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Kids, Allowance, and Chores, Oh My!

By: Cheryl Lynne Potter

It’s a topic that has been debated by moms and dads for years. Should they or shouldn’t they give their kids an allowance? Should an allowance be simply given or should it be based on the completion of certain chores.

Even experts disagree on what is the best way to handle kids when it comes to the debate of whether they should or should not have an allowance. Some experts say that an allowance helps to teach children financial responsibility. However, other experts disagree and say that there are better ways to teach kids money management skills. It’s important for parents, they say, to talk to their children about the skills needed to manage money. Kids need to have a solid foundation in personal finance.

Yet, giving children an allowance can be a valuable teaching tool. The earlier you teach kids how to manage money, the better off, experts say, they will be in the long run. An allowance is the best way, they say, to start youngsters off to eventual financial independence.

However, there are some parents who feel that they just can’t give their kids money for doing nothing. These parents decided long ago to tie their kids allowance with them doing chores.

Elk Township mom, Tracie Wolf, knows this concept all too well. Wolf gives her son Jack, 14, an allowance of $5.00 a week for a set number of chores that he has to do each week. Giving Jack an allowance, Wolf said, “gives him a sense of responsibility and accomplishment.” It’s also a great way, she said, to “help him learn life skills with a reward behind it.”

South Jersey mom, Chrissy Allen-Miller of Clayton, would probably agree with this concept of tying chores to a reward system for her kids. In her household, her children, Alexa, 8 and Abigail, 5, do such chores as taking turns unloading the dishwasher and helping to clean up the house. They also help to take their and their 2 year-old siblings, Michael and Mckenna, laundry upstairs to their respective bedrooms and then put it away. For all of their help with chores during the year, the Miller children have a choice of choosing either money or a big gift that they have been wanting all year. These special rewards are usually given during the month of November because as Allen-Miller explains, “it’s almost at the end of the year, but not right at Christmas.” Last year, both girls got gift cards to the American Girl Store in Virginia and even had a special overnight stay. This year. Alexa got a laptop that she had been asking for all year.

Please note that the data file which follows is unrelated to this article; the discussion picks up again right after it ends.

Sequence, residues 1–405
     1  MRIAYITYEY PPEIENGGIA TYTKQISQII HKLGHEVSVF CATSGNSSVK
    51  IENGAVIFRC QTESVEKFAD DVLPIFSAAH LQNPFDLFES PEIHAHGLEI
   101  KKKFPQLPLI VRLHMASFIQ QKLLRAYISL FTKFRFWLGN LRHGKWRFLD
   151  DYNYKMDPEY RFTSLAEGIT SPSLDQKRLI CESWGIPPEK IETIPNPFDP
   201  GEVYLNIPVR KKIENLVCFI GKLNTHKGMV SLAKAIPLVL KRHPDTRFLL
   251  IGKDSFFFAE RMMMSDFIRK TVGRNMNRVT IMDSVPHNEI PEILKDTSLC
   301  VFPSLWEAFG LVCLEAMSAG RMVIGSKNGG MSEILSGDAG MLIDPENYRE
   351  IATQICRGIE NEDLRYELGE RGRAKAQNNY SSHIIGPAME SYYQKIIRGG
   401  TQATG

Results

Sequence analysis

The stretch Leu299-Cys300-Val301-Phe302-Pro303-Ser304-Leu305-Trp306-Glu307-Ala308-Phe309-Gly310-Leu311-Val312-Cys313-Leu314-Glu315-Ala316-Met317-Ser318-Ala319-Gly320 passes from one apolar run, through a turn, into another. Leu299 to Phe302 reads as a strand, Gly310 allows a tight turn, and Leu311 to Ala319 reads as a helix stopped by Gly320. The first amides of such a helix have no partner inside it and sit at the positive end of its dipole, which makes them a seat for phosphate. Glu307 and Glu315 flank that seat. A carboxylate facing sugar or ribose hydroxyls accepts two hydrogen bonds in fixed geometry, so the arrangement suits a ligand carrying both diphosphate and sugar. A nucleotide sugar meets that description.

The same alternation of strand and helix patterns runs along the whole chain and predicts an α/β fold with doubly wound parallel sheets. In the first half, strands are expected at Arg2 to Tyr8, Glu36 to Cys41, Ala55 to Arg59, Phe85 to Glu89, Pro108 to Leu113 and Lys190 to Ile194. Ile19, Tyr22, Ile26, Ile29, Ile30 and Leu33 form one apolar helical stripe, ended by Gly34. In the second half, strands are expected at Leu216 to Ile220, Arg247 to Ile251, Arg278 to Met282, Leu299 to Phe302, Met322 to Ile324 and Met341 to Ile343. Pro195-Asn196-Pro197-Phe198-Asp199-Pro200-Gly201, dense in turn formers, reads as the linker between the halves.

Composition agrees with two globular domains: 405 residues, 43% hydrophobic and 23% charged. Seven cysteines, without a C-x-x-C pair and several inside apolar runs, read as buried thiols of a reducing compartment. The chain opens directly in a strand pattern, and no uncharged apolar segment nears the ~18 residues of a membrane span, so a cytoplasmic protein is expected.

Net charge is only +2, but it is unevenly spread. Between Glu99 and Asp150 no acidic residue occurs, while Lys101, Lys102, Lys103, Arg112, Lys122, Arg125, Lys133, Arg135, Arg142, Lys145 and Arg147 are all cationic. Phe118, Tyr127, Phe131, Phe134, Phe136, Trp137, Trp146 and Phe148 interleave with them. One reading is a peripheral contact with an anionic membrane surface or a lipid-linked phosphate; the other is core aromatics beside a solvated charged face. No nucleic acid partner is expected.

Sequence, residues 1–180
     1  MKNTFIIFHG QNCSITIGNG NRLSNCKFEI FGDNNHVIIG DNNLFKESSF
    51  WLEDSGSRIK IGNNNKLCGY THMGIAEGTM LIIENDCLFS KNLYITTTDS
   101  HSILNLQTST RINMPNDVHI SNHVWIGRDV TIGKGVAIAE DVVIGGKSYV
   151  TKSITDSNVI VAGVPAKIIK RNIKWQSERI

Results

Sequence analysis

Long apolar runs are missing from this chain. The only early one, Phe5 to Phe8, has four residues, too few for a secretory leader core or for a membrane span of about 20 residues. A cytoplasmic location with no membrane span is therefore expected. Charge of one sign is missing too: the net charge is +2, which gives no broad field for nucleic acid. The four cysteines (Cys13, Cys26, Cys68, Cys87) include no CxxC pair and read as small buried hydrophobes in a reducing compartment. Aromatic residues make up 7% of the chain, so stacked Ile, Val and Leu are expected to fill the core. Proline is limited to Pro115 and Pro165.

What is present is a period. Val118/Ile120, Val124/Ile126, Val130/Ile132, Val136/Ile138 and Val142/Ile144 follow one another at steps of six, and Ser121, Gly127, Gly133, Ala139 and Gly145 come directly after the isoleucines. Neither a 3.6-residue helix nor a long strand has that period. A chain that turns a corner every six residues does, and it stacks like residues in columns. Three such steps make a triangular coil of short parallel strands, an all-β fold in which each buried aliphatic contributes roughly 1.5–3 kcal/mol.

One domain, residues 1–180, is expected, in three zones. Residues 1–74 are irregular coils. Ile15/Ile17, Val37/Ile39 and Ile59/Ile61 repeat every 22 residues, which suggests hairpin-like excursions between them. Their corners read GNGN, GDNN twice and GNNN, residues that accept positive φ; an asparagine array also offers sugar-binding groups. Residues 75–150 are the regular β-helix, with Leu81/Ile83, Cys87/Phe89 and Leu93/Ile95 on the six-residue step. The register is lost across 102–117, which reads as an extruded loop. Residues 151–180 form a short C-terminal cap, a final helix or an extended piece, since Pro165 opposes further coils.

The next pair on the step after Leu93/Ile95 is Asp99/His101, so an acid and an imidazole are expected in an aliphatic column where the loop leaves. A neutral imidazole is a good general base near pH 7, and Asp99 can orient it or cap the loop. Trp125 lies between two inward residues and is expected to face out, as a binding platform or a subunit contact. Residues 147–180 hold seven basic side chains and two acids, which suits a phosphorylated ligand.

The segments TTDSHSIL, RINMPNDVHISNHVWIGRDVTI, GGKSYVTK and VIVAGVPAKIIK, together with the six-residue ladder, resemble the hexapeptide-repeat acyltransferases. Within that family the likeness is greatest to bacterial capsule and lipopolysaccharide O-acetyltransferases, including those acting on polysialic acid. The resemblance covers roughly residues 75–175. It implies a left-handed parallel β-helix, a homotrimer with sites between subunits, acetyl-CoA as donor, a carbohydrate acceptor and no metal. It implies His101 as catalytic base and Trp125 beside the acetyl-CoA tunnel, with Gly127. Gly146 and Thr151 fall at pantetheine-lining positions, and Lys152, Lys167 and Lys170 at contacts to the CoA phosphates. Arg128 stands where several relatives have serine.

Yet, some South Jersey families take a unique spin on this concept of giving kids allowances by tying to chores and volunteerism. South Jersey grandma, Mary Snively, says her grandchildren, Jonathan, 9, and Christian, 6, of Vineland, not only do chores around the house, but they also volunteer at the Funny Farm, an animal rescue organization in Richland. Snively says her grandchildren do chores at the Funny Farm with a “reward system that’s not monetary.” At the farm, the boys do such chores as walking, brushing and feeding the animals. They also sometimes give tours of the facility to the public.  Volunteering at the farm helps to build-up the boy's self-confidence, as well as teaches them responsibility, said Snively. Her grandchildren also, she said, do chores at home, like cleaning-up after dinner, loading the washer machine with dirty clothes and folding-up clothes.

By having children to do specific chores for them to receive an allowance, helps them, some experts say, to gain a greater understanding of what it means to get paid for doing meaningful work. However, some experts say, parents should not link household chores to an allowance. Children, they say, should be expected to help out around the house because they are members of the family and not because they are getting paid.

South Jersey dad, Wayne Murschell, of Haddonfield, who is the father of two middle schoolers, agrees wholeheartedly with this concept. “Doing chores and such are expected to make a family work,” he said.

Yet, some parents have done away with giving their youngsters an allowance all together.

South Jersey mom, Angela Teti, of Elk Township, stopped giving her two sons, Angelo, 13, and Domenic, 11, allowances.  Teti said she stopped giving allowance because her sons “started to think they should only help around the house with chores if they are being paid.” She hopes, she said, that her boys will understand that “helping around the house entitles them to enjoy privileges, like having a phone, as well as helping mom and dad.”

Yet, no matter what your philosophy is about kids and allowance. It's obvious that the debate is not over and it will continue way into the future.

 

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